I also remember the time I interviewed Newt at the Republican National Convention in New Orleans in 1988.  That was the one when President George H. W. Bush made the ‘No new taxes!” pledge.  The fact that turned out to be an empty promise helped Bill Clinton beat him in Bush’s reelection bid.   My crew and I stayed at  the same hotel as the Georgia delegation, which included Newt.  I remember that he spotted me in the lobby the first night we were there and yelled hello.  The next day as we were walking to the  Superdome where the convention was being held,  I spotted him walking very fast behind  us. As he caught up with us, I told him I wanted an interview, and he said, as best as I can recall, “All right, but it’ll have to be later. I’m in a hurry right now because ABC wants to interview me.” That was understandable.  The WTVM audience was certainly no match in size for ABC’s.  He did, as he said he would, give me an interview later.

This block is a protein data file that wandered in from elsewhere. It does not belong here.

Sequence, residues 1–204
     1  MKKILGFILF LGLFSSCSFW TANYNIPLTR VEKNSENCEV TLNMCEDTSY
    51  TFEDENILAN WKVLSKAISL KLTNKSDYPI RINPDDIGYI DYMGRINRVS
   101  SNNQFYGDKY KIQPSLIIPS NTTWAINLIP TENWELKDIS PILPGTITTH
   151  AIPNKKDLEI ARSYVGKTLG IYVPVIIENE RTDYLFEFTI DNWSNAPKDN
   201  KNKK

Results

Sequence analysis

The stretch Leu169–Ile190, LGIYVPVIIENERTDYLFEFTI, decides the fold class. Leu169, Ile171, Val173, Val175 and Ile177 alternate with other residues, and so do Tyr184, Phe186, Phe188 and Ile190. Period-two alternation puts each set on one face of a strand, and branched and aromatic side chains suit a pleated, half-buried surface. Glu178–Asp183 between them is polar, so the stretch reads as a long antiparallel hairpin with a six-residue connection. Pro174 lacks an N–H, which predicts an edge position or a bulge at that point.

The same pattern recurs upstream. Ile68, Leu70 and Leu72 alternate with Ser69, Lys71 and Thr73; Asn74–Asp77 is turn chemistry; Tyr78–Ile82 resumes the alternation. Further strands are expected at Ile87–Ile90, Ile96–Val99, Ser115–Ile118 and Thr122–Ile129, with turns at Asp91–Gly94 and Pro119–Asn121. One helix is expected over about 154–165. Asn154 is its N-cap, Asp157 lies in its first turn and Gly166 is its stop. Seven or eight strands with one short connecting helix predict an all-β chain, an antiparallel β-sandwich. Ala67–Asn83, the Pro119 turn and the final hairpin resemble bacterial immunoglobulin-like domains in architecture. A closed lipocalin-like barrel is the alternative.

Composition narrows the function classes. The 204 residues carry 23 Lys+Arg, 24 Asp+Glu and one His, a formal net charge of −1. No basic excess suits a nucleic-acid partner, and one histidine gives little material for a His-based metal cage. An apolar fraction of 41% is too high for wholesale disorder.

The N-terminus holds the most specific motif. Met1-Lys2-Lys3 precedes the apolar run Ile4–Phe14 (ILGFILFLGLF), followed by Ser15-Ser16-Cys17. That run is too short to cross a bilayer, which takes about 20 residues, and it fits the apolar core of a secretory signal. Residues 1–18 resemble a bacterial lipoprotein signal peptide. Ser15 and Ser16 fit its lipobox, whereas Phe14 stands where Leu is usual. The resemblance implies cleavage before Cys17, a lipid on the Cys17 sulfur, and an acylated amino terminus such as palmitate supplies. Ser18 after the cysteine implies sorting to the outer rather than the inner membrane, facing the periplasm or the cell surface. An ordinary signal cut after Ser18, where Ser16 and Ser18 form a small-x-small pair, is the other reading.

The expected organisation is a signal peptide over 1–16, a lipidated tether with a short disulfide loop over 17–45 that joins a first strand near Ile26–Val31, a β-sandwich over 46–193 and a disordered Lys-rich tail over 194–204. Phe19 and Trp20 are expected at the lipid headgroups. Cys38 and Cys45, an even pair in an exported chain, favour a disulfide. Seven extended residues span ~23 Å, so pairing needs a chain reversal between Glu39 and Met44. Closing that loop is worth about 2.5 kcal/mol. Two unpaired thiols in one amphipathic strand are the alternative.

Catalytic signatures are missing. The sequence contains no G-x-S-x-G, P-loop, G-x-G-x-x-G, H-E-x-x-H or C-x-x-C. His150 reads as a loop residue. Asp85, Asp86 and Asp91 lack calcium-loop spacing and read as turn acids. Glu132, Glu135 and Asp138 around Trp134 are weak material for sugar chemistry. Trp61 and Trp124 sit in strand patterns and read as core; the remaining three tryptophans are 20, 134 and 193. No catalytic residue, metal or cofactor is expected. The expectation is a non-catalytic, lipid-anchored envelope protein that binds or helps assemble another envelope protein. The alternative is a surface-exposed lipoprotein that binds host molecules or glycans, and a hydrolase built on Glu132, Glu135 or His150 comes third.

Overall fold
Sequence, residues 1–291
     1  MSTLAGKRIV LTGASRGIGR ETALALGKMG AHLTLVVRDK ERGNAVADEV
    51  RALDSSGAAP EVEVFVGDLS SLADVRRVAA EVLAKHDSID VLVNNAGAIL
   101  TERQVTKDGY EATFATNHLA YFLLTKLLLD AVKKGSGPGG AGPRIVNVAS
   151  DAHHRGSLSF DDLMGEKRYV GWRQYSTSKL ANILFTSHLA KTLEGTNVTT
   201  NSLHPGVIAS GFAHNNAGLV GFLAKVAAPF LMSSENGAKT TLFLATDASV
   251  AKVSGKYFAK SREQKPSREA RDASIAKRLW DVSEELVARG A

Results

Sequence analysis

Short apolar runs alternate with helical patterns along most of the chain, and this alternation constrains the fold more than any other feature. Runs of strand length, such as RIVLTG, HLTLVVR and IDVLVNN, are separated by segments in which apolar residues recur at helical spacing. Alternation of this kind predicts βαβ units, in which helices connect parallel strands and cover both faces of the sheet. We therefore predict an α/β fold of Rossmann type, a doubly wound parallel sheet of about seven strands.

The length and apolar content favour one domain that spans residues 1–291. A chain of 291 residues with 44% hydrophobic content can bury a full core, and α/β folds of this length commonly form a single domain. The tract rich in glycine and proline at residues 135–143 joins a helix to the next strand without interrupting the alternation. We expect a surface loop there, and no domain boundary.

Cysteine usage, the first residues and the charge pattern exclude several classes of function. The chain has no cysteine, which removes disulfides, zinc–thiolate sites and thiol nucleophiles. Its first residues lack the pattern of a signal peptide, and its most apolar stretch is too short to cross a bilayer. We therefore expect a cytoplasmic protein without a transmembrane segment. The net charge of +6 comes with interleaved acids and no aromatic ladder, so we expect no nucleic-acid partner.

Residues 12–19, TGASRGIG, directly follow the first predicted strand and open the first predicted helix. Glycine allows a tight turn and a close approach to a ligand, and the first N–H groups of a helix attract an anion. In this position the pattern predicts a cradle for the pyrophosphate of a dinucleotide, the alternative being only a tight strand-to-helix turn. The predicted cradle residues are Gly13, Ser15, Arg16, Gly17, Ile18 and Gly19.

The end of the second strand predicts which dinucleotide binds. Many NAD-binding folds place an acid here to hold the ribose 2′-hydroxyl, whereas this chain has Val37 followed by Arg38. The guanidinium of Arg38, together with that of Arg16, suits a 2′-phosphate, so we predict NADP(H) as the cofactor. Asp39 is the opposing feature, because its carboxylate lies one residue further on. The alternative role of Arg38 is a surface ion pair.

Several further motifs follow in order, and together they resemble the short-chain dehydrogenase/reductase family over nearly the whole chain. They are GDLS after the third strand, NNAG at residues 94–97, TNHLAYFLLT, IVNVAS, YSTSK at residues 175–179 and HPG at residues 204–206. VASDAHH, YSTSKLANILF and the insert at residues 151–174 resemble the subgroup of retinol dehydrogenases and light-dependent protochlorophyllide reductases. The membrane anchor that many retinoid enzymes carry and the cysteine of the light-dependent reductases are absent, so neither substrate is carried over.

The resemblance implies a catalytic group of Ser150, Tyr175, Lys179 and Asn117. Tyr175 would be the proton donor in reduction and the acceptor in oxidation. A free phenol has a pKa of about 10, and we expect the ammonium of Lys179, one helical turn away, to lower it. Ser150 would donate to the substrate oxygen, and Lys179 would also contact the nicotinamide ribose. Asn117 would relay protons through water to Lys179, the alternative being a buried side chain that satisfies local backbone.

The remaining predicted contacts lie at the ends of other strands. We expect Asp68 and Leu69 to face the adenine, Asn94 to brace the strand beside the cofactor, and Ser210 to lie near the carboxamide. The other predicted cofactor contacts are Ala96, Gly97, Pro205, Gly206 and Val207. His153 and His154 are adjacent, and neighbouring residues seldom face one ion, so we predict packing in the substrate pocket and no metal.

Now, he’s back in the  national spotlight big time.  Can he possibly get the nomination  and be elected with all  of  the political and personal baggage he is carrying?  At first blush,  my answer is certainly not.  But, in politics you just never really know.  As one famous movie producer, whose name I can’t remember, said, You should never overestimate the American public.  That is so true. Just think of some of the people who have been elected President.  Which reminds me, I just saw a really entertaining movie called Elvis Meets Nixon. It was so funny, and, as Dick Cavvitt said, “for the most part, true,” that I watched it twice.  By all means, rent it the first chance you get.